Alexander Hoda

Alexander Hoda Exhibited at The Saatchi Gallery

Alexander Hoda


Foam, paper, wire, rubber

145 x 120 x 125 cm

“When I was younger I traipsed around museums like the V&A, and the Rodin Museum in Paris. I saw a lot of classical statues but I was really more interested in the toys in the tourist shops. As I got older I wanted to try and make those interests mould into one thing. The use of rubber in my work was a way to try and find a material that had the same fetishistic appeal as metal but wasn’t. I’ve always been interested in natural history programmes and was brought up, like many kids, on David Attenborough. We have a fascination with animals; they act as a mirror to ourselves. In some ways we’re able to understand the way we act in terms of animals. In Saddleback I wanted there to be an ambiguity between the animals caring for one another but also trying to manipulate each other; it captures an indecisive moment between where caring becomes possessive.”

Alexander Hoda
Pile Up


Polystyrene, latex, resin, rubber, found objects

345 x 248 x 205 cm

“Pile Up was inspired by a knick-knack I bought on eBay, a stack of pigs piled one on top of the other; a bizarre but appealing thing. It was like they were emerging out of one form. I had also just visited the Uffizi in Florence where I saw Michelangelo’s The Captives, a series of studies he made where only partial elements of figures appear emerging from stone blocks. I wanted to explore the relationship between these two references. There’s a sexual insinuation in the way the rubber gives an initial binding of the figures, a uniform coating, but also violence in enhancing the dynamics between the forms. With traditional figurative sculpture an artist literally hacks away at something to create or destroy a figure; sculpture is violent. Sculpture is a bodily experience, you are confronted by an object that inhabits the same space as you do.”

Alexander Hoda


Polystrene, latex, pva, plastic, rubber

178 x 165 x 245 cm

“For this piece I wanted to have more of a scene, like the narratives within classicism and mythology, but my own. It’s like a freeze-frame of a moment. I make my sculptures by collaging found objects to form the composition and then coat the entire surfaces with rubber. This is a way to ‘dress up’ the objects, to make them re-perform in a different environment, re-contextualise them with new meanings. The found objects and masks underneath the surfaces give the effect of an inflatable object that’s almost expanded to the point of collapse. In my work I am exploring relationships, desires, and urges, to perceive them in different contexts rather than something that’s conditioned to be guilt-laden or perverted.”

Other artists in

Caroline Achaintre    Tasha Amini    Hurvin Anderson    Maurizio Anzeri    Jonathan Baldock    Anna Barriball    Steve Bishop    Karla Black    Lyn. Yiadom Boakye    Pablo Bronstein    Alan Brooks    Peter Linde Busk    Carla Busuttil    Nicholas Byrne    Gareth Cadwallader    Juliana Cerqueira Leite    Spartacus Chetwynd    Steven Claydon    Clarisse d'Arcimoles    William Daniels    Matthew Darbyshire    Graham Durward    Tim Ellis    Tom Ellis    Richard Evans    Tessa Farmer    Marcus Foster    Robert Fry    Ximena Garrido-Lecca    Jaime Gili    Nick Goss    Luke Gottelier    Kate Groobey    Anthea Hamilton    Anne Hardy    Gabriel Hartley    Nicholas Hatfull    Iain Hetherington    Alexander Hoda    Sigrid Holmwood    James Howard    Graham Hudson    Dean Hughes    Des Hughes    Mustafa Hulusi    Paul Johnson    Edward Kay    Idris Khan    Scott King    Ansel Krut    littlewhitehead    Christina Mackie    Alastair Mackinven    Goshka Macuga    Ryan Mosley    Rupert Norfolk    Arif Ozakca    Mark Pearson    Dan Perfect    Peter Peri    Olivia Plender    Henrijs Preiss    Ged Quinn    Clunie Reid    Barry Reigate    Luke Rudolf    Maaike Schoorel    Daniel Silver    David Brian Smith    Renee So    Fergal Stapleton    Clare Stephenson    Systems House    Caragh Thuring    Phoebe Unwin    Donald Urquhart    Jonathan Wateridge    John Wynne    Toby Ziegler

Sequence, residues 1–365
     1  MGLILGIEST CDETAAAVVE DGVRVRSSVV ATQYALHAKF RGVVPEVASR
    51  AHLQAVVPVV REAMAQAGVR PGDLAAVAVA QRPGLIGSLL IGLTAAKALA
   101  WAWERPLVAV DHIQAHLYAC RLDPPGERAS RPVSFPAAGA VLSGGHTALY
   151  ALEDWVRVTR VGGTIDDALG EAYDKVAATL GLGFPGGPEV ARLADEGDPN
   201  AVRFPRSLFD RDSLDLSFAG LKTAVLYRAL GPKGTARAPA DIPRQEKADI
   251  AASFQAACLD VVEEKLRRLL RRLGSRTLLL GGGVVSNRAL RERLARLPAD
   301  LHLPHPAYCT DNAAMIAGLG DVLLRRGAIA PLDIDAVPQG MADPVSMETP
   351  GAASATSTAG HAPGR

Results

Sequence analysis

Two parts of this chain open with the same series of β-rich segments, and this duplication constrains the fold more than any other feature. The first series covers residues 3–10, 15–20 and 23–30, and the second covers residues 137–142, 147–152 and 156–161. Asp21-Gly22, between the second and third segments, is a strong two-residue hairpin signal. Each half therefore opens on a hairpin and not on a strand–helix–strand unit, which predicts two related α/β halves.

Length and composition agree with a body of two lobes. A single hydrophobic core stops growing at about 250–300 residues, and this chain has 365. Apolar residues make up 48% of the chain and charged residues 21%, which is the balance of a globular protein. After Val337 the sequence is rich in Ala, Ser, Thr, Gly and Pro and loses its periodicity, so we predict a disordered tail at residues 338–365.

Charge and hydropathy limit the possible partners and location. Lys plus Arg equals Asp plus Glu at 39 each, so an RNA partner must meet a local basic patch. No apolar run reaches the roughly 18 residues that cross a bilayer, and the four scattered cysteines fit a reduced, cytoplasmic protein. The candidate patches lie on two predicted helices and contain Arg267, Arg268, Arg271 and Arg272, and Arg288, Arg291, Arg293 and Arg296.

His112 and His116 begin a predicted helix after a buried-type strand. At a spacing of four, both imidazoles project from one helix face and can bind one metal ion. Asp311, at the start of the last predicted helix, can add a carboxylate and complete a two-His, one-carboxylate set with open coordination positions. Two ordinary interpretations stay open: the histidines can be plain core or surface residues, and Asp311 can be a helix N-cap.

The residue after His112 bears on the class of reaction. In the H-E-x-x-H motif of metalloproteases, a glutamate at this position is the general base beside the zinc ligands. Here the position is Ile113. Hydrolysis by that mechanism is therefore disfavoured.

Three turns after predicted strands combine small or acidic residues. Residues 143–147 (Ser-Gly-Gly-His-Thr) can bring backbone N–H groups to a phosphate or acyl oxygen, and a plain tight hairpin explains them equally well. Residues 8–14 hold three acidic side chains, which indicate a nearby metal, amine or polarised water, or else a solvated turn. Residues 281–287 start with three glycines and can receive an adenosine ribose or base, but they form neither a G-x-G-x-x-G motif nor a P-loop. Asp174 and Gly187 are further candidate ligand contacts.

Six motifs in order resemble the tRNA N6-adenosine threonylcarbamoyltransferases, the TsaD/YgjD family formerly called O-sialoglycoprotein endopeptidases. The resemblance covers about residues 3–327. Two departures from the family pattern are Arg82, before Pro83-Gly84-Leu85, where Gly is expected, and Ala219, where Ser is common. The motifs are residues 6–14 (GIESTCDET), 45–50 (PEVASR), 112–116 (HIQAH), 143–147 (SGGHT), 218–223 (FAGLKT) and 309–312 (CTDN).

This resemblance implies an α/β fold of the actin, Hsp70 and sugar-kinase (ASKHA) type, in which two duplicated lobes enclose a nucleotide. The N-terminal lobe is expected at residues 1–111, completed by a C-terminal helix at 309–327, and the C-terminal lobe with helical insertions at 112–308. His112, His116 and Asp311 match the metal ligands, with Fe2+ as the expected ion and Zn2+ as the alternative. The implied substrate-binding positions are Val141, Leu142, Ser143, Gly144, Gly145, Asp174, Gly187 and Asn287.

Alexander Hoda's Biography

Alexander Hoda
1980 Born in Canterbury, UK
Lives and works in London


1999 - 2000
Wimbledon College of Art

2000 - 2003
Goldsmiths College

2005 - 2008
Royal Academy Schools


Pipedreams, Dickinson Gallery New York (solo exhibition)
Pileup, curated by Ken Mcgegor, Metro 5 Gallery, Melbourne

Alexander Hoda, curated by Nick Aikens, University of the Arts, London


Type 1 Errors, @ 20 Hoxton Sq, Berlin (cat.)

Newspeak: British Art Now, Saatchi Gallery, London (cat.)

Anticipation, curated by Kay Saatchi and Catriona Warren, Selfridges, London
M25: Around London, curated by Barry Schwabsky, CC Andratx, Mallorca
The Future Can Wait, Truman Brewery, London (cat.)

Who’s On Second?, curated by Michael Pettey, Pumphouse Gallery, London

Premiums, Royal Academy Schools, London

Material, curated by Nick Aikens and Alexander Hoda, Next New Artists, London